and - https://www.ebay.co.uk/itm/3-Dapol-CCT-Lugg...bwAAOSwKX9aqdMZ

You might include any LMS/LMR Full passenger Van (technically NPCS although would usually tend to run in passenger trains - that carried a lot of parcels or newspaper traffic).

You have to have something with a guards/brake compartment - for the guard. This can be anything passenger rated whether it has a van section or not. It's there to fulfil the requirement for the guard to travel in the train - rather than in the rear cab of a Fully Fitted Freight - which would mostly have occurred after your period. FFF's eventually didn't need brake vans - partly because their short wheelbase (shorter than the lengthening wagon stock) meant that guards got rattled around a bit too much at higher speeds.

An NPCS van train can be any length from one or two vans (one at least with a guard's compartment) to 16 or more vans. For your "minor" line it might be only a few cut off from something bigger on the Main line. So you can get away with a "whole train" with very little stock in it.

Not usually any goods type vans for any NPCS traffic - not even fully fitted XP vans - because their running gear rating would slow the whole train down (short wheelbases go slower). This might be over ridden by weight of traffic in peak (mainly Christmas) periods - but they would be marshalled together in "Specials" that were scheduled for slower runs (longer headways) - and they would be pushed aside to let higher class traffic get ahead of them.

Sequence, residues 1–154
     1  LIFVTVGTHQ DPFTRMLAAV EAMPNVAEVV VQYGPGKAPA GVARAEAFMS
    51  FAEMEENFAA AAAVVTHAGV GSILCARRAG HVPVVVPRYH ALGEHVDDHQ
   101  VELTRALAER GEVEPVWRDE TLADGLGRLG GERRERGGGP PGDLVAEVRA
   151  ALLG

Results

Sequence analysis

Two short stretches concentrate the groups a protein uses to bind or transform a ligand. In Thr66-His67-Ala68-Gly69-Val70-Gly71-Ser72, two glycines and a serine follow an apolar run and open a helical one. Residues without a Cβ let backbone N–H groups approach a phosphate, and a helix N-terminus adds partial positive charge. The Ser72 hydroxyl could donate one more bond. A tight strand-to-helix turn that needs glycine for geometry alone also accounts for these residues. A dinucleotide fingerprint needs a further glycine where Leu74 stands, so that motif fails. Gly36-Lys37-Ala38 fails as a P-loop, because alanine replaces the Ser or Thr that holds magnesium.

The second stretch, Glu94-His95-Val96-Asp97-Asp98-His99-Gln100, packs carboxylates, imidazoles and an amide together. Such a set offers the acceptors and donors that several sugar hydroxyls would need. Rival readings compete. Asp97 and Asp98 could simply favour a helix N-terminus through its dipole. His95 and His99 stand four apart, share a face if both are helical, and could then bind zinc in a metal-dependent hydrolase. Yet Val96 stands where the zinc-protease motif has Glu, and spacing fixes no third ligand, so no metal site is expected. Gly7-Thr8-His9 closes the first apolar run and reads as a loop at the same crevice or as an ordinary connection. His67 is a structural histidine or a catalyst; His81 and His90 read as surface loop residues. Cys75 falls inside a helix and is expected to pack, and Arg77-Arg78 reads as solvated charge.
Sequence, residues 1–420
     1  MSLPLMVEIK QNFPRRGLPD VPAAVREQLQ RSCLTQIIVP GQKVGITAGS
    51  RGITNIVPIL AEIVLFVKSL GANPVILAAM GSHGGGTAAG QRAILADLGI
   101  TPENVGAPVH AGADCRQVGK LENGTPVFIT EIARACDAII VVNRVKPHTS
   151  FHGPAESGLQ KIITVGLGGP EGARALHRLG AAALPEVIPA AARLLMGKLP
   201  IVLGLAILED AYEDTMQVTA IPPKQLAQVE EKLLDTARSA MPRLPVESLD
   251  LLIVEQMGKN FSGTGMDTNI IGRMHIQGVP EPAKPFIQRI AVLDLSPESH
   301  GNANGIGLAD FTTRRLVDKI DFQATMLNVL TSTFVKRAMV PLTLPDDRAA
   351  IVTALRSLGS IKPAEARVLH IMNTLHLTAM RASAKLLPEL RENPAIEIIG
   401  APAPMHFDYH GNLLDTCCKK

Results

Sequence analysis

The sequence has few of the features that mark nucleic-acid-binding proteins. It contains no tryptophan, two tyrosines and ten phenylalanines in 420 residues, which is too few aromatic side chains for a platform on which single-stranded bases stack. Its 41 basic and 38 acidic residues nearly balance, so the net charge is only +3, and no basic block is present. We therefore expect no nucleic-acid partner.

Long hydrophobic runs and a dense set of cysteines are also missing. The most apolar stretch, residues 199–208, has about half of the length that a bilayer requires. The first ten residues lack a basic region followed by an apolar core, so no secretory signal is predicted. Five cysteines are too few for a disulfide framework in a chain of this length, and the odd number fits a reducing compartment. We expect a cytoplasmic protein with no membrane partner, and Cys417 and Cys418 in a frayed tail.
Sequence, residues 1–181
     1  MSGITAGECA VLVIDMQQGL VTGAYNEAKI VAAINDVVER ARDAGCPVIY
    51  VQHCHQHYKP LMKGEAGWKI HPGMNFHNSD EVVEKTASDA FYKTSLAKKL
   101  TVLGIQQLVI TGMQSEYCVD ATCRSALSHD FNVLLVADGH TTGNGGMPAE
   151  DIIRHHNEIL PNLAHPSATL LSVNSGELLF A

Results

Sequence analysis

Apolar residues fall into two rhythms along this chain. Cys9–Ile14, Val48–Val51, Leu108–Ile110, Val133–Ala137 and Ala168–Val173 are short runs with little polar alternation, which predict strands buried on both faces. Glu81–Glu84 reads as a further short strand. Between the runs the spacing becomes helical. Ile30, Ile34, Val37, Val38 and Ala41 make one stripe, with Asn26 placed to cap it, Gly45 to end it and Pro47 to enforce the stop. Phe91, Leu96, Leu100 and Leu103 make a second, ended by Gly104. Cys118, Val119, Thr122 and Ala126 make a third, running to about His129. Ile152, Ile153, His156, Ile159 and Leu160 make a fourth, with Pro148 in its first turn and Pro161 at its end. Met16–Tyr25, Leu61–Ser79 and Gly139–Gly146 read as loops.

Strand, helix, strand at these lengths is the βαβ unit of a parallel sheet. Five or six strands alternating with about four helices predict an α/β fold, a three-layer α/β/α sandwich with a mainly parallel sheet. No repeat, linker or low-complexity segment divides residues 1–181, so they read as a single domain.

No need to rush on getting "enough" stock - you can build up slowly... You'll soon find you have a whole load - although you'll never have "enough"... tongue.gif

cool.gif
Go to the top of the page
 
+
Pennine MC
post 10 Apr 2018, 10:54
Post #9


Passed Fireman
****

Group: Members
Posts: 498
Joined: 26-August 06
From: Hull
Member No.: 840



QUOTE (Bear 1923 @ 9 Apr 2018, 23:42) *
/...Not usually any goods type vans for any NPCS traffic - not even fully fitted XP vans - because their running gear rating would slow the whole train down (short wheelbases go slower). This might be over ridden by weight of traffic in peak (mainly Christmas) periods - ....


10ft wheelbase Vanfits were frequently used for parcels traffic in the 1960s, and not just at peak periods


--------------------
Ian Fleming

Windcutter - wagonry, weathering and wittering

Hal o' the Wynd - philosophy, punditry and politics in the high-rolling world of toy trains


Stuartp: there was very little serious attempt to think outside a 17'6" long box.

Story of my (modelling) life :-)
Go to the top of the page
 
+

Reply to this topicStart new topic
1 User(s) are reading this topic (1 Guests and 0 Anonymous Users)
0 Members:

 



RSS    Lo-Fi Version Time is now: 26th September 2020 - 11:18